Many of the West’s biggest brands are losing out to trade mark squatters in China where the “first to file” system of trade mark registration allows those with no rights in a particular brand to legally register the brand name, depriving the brand owner of the opportunity to exploit/maximise its brand in China.
For example, Chivas Brothers has recently lost a battle in the Chinese courts and failed to stop a clothing retailer from selling garments bearing its Chivas Regal whiskey logo.
Similarly, Nike is currently battling with a Chinese sports company which registered the Chinese language and Chinese character versions of its JORDAN trade mark (Qiaodan). Unfortunately, Nike had registered only the English language version of JORDAN in China (and not the Chinese language version or the Chinese character translation of the brand), which, it seems, is an all too common pitfall.
The victims of trade mark squatting range from high street names to the very top end of the luxury consumer market – anyone with a brand to protect who may have plans to expand into the Chinese market should take heed and act quickly in ensuring that their brand name is adequately protected in China.
Trade mark squatting on the rise
Unlike in the UK where trade marks are registered on a first to use basis (which allows the first person who uses a mark to register it as a trade mark), in China the first person to register a trade mark in a particular class of goods is the rightful owner of the trade mark irrespective of whether they have ever used the mark or have any prior association with the mark.
Once registered, it is notoriously difficult and expensive to prove that a trade mark was filed in bad faith as Hermès has recently learnt. Although Hermès had filed its French brand name in China back in 1977, it did not register the Chinese character equivalent and it has recently lost a court case against a clothing company which was found to have validly registered the Hermès Chinese brand name.
Unless a brand owner is able to provide sufficient evidence that the brand was such a global phenomenon that it was already famous to Chinese consumers at the time that the Chinese registration was made, there is unlikely to be any finding of bad faith on the part of the Chinese registrant.
Against this backdrop, it is not surprising that there has been a stampede to register the biggest Western brand names in China. The LA Times recently reported that 600,000 trade marks were registered in China in 2011 (three times more trade marks than were registered in the US, the next biggest contender for trade mark registrations).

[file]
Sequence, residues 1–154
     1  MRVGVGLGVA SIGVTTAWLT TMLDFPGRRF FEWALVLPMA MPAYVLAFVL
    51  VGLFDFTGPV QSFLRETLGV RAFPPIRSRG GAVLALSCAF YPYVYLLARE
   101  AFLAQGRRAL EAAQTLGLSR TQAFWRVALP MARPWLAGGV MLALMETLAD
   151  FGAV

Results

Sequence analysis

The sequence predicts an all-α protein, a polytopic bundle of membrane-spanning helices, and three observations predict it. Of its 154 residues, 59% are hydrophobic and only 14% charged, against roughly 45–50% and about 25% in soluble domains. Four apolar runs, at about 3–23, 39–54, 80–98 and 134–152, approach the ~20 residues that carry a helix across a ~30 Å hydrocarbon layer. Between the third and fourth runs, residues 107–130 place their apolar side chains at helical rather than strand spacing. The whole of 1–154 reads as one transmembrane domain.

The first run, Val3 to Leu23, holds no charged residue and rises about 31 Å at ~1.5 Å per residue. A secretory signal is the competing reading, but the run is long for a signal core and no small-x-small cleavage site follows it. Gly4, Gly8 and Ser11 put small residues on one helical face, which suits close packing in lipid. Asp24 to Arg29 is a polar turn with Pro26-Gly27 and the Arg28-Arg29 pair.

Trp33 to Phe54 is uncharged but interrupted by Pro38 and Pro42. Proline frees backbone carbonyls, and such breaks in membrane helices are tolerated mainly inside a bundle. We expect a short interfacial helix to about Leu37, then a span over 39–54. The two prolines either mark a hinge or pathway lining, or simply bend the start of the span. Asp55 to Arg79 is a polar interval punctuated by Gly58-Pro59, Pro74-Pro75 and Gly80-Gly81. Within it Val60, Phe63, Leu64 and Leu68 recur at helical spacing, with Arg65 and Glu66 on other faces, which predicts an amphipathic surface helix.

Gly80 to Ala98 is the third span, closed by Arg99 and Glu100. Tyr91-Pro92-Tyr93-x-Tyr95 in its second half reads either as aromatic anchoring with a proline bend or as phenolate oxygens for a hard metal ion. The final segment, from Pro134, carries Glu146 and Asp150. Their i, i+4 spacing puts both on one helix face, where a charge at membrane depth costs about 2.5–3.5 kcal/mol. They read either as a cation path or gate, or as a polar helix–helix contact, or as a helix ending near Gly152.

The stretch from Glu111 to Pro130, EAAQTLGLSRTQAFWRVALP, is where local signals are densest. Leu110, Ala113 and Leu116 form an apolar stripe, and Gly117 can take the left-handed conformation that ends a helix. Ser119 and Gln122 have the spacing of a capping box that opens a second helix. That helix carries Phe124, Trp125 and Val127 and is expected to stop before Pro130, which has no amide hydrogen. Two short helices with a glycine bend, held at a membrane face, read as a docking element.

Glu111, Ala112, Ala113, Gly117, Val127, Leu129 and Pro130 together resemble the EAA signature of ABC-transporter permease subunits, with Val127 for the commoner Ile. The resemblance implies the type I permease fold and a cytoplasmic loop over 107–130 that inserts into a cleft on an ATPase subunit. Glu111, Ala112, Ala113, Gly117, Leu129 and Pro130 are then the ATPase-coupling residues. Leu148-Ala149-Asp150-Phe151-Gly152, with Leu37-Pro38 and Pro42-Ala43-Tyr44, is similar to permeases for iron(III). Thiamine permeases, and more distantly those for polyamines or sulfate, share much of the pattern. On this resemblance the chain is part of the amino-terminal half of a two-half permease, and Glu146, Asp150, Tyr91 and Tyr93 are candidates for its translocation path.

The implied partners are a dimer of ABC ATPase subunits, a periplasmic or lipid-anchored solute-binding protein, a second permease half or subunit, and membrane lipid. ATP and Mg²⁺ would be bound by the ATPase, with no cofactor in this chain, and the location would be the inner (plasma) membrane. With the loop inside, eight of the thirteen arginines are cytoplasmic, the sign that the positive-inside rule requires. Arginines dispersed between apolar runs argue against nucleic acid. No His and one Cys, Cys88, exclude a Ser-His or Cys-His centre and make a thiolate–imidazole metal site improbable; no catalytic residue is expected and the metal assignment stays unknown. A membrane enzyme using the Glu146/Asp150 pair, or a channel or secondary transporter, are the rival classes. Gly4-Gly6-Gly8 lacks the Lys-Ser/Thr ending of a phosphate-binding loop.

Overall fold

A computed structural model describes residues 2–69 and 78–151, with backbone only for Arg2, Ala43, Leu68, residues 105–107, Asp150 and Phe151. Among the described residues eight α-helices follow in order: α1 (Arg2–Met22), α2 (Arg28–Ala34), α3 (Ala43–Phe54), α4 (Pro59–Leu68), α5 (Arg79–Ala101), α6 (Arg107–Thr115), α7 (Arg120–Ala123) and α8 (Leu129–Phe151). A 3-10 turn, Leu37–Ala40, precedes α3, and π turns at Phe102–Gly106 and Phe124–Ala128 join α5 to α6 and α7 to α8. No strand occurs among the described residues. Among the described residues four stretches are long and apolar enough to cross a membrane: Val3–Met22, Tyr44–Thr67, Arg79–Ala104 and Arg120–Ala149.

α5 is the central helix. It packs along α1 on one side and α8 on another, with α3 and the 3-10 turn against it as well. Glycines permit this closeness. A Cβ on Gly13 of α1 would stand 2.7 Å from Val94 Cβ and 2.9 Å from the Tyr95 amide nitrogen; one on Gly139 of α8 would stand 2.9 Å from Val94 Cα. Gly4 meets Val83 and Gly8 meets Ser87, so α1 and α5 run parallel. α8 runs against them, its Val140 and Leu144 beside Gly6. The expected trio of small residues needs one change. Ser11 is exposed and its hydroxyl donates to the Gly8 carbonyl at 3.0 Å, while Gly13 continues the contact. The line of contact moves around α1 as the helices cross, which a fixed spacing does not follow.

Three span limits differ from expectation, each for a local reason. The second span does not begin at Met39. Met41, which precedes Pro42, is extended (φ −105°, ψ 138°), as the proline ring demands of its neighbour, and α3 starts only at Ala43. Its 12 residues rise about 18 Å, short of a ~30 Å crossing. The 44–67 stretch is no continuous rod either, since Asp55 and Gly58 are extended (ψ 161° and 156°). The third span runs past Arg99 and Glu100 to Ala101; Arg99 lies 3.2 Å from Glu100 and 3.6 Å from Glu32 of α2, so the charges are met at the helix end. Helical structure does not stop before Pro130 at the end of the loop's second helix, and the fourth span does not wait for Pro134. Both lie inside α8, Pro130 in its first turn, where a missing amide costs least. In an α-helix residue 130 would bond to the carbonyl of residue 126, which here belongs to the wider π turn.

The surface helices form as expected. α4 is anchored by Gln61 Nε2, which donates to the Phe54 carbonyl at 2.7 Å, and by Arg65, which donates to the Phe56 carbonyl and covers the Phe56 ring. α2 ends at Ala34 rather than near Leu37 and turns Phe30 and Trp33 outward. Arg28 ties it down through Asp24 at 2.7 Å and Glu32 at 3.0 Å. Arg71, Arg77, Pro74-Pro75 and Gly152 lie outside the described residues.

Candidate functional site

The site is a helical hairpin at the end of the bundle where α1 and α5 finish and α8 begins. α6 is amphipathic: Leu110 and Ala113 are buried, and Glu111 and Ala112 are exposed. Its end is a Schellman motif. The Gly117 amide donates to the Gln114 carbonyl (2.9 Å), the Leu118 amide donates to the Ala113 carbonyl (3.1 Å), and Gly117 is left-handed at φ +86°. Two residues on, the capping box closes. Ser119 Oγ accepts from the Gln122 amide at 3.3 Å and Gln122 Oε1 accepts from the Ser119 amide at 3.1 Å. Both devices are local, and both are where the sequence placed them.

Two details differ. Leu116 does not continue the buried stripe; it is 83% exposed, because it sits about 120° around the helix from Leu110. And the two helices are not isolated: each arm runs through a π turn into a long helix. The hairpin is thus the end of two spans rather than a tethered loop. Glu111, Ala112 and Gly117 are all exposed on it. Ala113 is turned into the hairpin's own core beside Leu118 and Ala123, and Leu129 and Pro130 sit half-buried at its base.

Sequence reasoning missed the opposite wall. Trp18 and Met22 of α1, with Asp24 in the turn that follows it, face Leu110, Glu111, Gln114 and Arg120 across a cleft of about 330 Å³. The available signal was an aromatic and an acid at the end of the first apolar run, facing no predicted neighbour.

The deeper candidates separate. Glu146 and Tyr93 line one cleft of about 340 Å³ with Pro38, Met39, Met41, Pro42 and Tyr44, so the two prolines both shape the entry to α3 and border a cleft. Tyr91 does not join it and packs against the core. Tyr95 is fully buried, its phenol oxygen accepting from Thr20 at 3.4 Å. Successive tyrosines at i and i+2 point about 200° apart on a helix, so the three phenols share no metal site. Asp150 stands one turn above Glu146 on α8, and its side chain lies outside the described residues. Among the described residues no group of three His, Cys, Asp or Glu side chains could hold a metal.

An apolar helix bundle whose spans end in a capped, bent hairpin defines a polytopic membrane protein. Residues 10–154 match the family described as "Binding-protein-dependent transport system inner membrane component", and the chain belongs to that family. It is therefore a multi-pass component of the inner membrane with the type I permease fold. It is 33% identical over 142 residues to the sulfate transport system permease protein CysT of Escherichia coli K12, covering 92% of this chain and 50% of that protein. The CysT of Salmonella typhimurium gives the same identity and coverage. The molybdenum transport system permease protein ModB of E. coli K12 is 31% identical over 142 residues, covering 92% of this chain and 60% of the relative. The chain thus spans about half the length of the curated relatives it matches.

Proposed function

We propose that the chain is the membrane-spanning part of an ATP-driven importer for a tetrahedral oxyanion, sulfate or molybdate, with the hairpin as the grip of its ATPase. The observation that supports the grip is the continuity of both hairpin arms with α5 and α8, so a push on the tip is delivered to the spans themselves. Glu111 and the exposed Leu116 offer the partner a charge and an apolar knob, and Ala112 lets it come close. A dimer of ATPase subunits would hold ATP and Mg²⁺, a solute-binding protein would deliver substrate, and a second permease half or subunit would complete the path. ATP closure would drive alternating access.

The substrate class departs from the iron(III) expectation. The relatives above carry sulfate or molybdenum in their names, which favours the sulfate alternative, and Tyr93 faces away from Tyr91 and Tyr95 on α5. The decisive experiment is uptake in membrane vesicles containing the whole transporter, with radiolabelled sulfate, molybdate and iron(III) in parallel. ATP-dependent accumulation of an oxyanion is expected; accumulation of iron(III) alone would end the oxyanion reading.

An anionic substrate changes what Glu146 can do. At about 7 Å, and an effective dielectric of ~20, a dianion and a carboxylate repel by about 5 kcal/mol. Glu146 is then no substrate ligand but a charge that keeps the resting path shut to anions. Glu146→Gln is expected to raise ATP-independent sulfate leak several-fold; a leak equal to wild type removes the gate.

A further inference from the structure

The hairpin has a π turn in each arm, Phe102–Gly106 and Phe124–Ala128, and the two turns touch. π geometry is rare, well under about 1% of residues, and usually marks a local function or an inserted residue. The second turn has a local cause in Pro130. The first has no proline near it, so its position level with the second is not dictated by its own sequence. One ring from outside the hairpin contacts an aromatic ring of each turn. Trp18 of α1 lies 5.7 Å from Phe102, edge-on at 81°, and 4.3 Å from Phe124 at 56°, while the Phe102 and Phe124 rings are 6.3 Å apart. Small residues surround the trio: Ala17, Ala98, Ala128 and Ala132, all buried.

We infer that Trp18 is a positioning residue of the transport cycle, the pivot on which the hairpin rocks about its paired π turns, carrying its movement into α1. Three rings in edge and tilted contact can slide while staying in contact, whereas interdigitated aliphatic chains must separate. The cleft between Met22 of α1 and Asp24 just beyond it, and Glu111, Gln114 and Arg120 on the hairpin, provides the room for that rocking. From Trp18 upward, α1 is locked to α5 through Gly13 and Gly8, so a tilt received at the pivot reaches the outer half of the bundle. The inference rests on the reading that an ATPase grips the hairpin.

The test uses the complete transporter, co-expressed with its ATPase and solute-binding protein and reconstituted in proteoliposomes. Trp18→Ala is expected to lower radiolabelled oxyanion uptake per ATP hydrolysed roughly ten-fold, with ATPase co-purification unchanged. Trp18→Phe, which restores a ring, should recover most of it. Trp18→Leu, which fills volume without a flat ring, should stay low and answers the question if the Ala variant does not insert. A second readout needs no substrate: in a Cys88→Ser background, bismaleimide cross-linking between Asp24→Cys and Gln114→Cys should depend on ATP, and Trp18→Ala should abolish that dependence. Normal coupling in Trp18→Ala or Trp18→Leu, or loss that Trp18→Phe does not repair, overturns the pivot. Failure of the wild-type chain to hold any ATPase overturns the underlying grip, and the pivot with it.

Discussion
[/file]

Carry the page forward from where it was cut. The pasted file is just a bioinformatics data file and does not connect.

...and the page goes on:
These trade mark squatters then either manufacture Chinese goods under the foreign brand name for the Chinese market or offer to sell the trade mark back to the brand owner in exchange for whatever price tag they name. The Western brand owner is then left with two equally unappealing options – pay up or adopt a different brand name for the Chinese market. To avoid this predicament, brands should be aware of and bear in mind the following tips:
• Register your brand at the earliest opportunity. Think about not only the English brand name but any Chinese versions of the brand name (which may be more popular in the local market than its English equivalent). Register both versions and the Chinese character translation as soon as possible. The cost of securing registration of a trade mark for a single class of good/services will cost approximately £1,200, assuming no objections. So even if you do not intend to expand into China in the immediate future, protective registrations are likely to be a good investment.
• Subscribe to a trade mark watching services that will monitor trade mark applications in any territory that you are considering expanding into. It will then notify you if anyone applies to register your brand name (or a similar brand name) in that territory. In China, you have a three-month window to oppose a Chinese application before the trade mark is registered. This is likely to be a much quicker and cheaper route to challenging a registration than battling through the courts once the trade mark has been granted.
• Start gathering evidence and collating documentation about the brand’s reputation in China (sales figures, advertising spend, consumer awareness, press articles) to show that the brand is well known in China. Chinese courts often refuse to find any bad faith on the part of the Chinese registrant on the basis that there is insufficient evidence that the Western brand was well known in China at the time the squatter filed the trademark application, so start gathering evidence now. And if you intend to challenge a trade mark which has already been registered, make sure the evidence dates back to the date of registration.
Andrew Shufflebotham is Head of Retail & Consumer, and a partner, at law firm Addleshaw Goddard